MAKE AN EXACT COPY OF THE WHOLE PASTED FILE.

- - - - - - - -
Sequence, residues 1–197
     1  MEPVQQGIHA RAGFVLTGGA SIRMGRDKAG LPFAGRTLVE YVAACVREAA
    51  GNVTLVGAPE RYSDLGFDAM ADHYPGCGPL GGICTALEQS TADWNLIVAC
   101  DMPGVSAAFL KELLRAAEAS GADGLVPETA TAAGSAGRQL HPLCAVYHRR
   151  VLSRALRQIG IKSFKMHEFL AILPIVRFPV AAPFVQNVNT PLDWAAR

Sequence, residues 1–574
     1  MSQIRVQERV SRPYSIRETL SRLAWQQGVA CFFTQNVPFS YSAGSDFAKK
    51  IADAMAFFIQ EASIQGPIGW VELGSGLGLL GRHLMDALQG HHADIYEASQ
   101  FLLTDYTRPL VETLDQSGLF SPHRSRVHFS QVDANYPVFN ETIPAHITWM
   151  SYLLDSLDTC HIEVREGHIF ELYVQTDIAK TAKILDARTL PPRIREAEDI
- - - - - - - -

Sequence, residues 1–197
     1  MEPVQQGIHA RAGFVLTGGA SIRMGRDKAG LPFAGRTLVE YVAACVREAA
    51  GNVTLVGAPE RYSDLGFDAM ADHYPGCGPL GGICTALEQS TADWNLIVAC
   101  DMPGVSAAFL KELLRAAEAS GADGLVPETA TAAGSAGRQL HPLCAVYHRR
   151  VLSRALRQIG IKSFKMHEFL AILPIVRFPV AAPFVQNVNT PLDWAAR

Sequence, residues 1–574
     1  MSQIRVQERV SRPYSIRETL SRLAWQQGVA CFFTQNVPFS YSAGSDFAKK
    51  IADAMAFFIQ EASIQGPIGW VELGSGLGLL GRHLMDALQG HHADIYEASQ
   101  FLLTDYTRPL VETLDQSGLF SPHRSRVHFS QVDANYPVFN ETIPAHITWM
   151  SYLLDSLDTC HIEVREGHIF ELYVQTDIAK TAKILDARTL PPRIREAEDI